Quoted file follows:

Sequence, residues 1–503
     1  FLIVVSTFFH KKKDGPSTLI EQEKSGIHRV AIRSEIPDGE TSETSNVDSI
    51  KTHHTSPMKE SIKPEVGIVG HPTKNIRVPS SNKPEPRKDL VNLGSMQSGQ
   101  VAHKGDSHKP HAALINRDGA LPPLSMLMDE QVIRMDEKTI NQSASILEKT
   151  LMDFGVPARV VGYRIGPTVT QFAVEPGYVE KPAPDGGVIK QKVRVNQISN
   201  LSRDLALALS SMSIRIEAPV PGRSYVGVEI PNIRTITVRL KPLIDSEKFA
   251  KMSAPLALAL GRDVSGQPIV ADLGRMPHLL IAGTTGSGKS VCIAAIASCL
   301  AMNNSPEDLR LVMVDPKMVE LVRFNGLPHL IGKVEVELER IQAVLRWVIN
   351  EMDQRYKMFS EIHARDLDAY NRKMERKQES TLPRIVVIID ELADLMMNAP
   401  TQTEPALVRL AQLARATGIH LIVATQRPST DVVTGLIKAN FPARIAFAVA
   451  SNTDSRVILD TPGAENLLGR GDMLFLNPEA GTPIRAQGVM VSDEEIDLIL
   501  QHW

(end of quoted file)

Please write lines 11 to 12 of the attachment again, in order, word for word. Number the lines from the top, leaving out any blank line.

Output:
   451  SNTDSRVILD TPGAENLLGR GDMLFLNPEA GTPIRAQGVM VSDEEIDLIL
   501  QHW